Wednesday, 1 June 2011

Trojans follow success.

Now even the brilliantly successful Apple Mac computer has been targeted by an effective Trojan.

This particular malware is Mus Minim, a.k.a. "Black Hole Rat", apparently adapted from the "Dark Comet" Windows Trojan. It includes the generation of "Administrator Password" pop-ups to trap unwary users into entering their username and password, and could appear in the guise of software or games downloads.

Note that a Trojan is not the same as a virus, which replicates by self-installing. Mac OSX cannot "catch" a virus as no software can self-install - a human has to click "OK" as a minimum. Ubuntu is even safer, as there is no user with implicit admin/administrator/root (the terms are interchangeable) rights.

Whichever computer operating system you use, a good tip is always to use a user account with no administrator privileges for normal day-to-day operation. Create a special account with administrator privileges for those times when you absolutely need it.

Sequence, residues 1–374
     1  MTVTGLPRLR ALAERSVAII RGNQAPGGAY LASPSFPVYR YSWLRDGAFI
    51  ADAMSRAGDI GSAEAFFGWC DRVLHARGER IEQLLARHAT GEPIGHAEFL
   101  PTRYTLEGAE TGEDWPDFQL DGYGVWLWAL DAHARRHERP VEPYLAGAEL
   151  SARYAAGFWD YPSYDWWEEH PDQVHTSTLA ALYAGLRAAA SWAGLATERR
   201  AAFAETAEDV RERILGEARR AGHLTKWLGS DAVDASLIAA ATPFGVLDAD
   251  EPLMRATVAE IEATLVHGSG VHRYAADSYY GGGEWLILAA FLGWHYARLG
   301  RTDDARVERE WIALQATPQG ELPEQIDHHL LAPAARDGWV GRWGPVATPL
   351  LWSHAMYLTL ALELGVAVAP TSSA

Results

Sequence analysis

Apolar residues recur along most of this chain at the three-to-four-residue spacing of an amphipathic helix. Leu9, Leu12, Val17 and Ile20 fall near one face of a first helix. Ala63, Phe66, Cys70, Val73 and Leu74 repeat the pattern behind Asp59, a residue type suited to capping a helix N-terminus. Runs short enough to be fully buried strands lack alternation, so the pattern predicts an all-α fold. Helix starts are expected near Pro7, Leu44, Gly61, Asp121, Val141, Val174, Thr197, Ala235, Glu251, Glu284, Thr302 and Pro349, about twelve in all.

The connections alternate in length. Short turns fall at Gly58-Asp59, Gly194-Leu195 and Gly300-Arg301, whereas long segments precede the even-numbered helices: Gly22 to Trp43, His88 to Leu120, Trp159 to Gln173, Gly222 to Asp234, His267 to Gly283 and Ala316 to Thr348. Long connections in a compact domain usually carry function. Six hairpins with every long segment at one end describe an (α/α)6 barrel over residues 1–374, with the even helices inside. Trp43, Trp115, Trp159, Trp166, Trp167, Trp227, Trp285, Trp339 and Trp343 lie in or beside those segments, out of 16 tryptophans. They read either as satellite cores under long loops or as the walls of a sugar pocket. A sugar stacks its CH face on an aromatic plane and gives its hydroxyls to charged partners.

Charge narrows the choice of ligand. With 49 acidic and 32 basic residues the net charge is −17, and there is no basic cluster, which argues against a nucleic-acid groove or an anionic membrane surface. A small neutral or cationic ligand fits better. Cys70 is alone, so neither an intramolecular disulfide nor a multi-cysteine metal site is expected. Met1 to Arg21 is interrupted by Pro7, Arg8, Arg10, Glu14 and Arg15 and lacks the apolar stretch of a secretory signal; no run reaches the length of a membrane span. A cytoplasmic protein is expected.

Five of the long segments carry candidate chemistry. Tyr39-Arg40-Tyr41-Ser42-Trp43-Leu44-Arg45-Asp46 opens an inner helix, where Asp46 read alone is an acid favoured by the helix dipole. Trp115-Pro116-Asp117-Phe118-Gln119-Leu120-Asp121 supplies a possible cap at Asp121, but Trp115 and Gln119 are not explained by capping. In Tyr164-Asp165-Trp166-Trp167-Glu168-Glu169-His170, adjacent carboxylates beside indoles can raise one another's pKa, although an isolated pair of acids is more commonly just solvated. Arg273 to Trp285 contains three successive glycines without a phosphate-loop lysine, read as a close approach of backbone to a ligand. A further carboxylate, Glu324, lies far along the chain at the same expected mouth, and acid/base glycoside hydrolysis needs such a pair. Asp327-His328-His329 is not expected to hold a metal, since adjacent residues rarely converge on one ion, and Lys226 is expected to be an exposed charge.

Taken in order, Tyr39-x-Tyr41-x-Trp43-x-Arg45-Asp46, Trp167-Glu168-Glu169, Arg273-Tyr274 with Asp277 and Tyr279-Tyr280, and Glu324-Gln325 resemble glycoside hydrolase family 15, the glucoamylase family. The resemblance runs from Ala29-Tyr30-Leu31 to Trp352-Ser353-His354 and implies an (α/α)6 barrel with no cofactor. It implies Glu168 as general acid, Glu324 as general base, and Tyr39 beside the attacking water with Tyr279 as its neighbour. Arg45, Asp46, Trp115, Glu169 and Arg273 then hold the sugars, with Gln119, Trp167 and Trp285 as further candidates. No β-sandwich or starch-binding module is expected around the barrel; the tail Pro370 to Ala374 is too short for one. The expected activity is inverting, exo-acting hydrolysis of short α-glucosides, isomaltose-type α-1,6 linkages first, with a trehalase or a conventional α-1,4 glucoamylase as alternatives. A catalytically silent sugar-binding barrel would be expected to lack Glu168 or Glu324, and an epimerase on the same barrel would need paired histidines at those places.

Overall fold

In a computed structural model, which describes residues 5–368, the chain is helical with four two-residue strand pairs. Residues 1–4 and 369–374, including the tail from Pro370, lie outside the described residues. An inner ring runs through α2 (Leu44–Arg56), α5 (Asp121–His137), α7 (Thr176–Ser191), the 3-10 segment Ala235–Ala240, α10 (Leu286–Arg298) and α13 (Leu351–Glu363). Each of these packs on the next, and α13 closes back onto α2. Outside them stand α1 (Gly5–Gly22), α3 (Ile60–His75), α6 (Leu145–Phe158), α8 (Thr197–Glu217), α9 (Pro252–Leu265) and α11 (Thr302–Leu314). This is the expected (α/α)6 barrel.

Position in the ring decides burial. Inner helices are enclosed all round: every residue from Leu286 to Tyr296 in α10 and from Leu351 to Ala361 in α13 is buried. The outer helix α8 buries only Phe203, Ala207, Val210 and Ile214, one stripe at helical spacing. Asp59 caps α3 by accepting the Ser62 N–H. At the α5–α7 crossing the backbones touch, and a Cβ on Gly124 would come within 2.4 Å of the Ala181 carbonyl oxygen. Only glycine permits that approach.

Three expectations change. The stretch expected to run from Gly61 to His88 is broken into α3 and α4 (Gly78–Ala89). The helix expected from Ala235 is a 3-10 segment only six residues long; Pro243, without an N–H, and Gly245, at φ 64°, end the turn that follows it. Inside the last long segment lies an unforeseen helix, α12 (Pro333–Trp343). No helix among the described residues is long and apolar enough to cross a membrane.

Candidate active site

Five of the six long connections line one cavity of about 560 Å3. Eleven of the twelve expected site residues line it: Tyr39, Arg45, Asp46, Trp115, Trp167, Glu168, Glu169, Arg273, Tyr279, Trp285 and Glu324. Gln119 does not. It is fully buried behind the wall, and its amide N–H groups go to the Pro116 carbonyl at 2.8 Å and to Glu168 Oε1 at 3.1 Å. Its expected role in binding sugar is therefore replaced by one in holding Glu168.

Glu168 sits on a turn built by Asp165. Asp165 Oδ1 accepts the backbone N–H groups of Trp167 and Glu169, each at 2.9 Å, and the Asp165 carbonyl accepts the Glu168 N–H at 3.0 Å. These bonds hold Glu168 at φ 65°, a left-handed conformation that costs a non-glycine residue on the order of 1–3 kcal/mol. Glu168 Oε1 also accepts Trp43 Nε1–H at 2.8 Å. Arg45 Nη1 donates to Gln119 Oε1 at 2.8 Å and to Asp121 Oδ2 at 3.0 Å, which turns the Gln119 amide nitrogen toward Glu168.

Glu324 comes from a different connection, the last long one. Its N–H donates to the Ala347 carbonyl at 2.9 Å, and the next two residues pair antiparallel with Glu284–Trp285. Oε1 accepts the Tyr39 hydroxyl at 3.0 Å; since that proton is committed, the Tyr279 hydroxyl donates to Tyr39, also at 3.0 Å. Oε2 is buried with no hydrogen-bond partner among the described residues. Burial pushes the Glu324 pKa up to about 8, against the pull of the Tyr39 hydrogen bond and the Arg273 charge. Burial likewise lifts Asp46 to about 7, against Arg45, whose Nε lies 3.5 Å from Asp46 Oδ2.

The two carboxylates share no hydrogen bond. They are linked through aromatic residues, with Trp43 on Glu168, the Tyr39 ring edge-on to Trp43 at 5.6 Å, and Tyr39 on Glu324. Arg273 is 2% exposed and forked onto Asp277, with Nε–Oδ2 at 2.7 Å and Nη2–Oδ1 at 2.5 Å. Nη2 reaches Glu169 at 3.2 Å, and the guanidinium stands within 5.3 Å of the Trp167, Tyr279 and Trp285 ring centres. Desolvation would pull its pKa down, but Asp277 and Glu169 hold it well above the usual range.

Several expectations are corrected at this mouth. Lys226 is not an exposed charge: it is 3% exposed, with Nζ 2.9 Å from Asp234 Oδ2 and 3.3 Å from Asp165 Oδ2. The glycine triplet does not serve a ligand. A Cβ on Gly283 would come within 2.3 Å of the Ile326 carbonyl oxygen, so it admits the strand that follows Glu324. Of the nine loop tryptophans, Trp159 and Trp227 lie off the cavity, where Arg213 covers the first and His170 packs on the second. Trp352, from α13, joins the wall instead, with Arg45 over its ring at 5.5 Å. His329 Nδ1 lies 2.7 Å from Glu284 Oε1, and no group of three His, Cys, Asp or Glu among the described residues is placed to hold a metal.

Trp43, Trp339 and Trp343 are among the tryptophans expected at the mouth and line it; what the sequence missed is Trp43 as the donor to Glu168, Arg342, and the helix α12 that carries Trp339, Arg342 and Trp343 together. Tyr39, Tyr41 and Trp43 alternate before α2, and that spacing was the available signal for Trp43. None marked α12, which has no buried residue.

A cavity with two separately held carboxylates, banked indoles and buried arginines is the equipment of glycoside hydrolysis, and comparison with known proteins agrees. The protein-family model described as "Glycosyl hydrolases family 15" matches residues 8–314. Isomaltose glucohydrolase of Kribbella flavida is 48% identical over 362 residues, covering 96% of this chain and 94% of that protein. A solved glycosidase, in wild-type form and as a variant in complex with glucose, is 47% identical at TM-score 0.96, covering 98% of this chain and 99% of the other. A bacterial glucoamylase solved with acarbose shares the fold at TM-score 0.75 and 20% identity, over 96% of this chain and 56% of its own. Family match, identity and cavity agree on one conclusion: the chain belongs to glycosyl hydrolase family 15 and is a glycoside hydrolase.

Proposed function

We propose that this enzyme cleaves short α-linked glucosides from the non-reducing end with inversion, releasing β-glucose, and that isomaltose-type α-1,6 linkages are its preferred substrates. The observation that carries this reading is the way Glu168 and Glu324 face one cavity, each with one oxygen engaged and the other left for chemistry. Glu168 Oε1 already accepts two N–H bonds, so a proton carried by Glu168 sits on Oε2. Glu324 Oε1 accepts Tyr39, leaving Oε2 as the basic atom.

I'm a regular reader of the excellent SatCure Satellite Review, wittily written by Martin Pickering and full of information about TV reception information. He uses a Mac, and includes a short discourse on Mac Trojans in the latest issue at .

(Incidentally, if you're looking for more information and/or equipment for digital television, satellite or terrestrial, Freesat or Freeview, then there's no better starting place than ).

Viruses, and those that write them, are a 21st century plague. They are made possible by the extremely lax programming that underlies the target operating systems. They can install themselves on previously uninfected computers because of an inherent lack of safeguards on those computers. A vast industry has grown up to supply defensive software which essentially covers up the deficiencies of the operating system.

Trojans cannot install themselves without the assistance of a human. The reason they are successful is due to their trickery, making us humans think they are something they are not, like the original Trojan Horse.

Just don't click "OK", OK?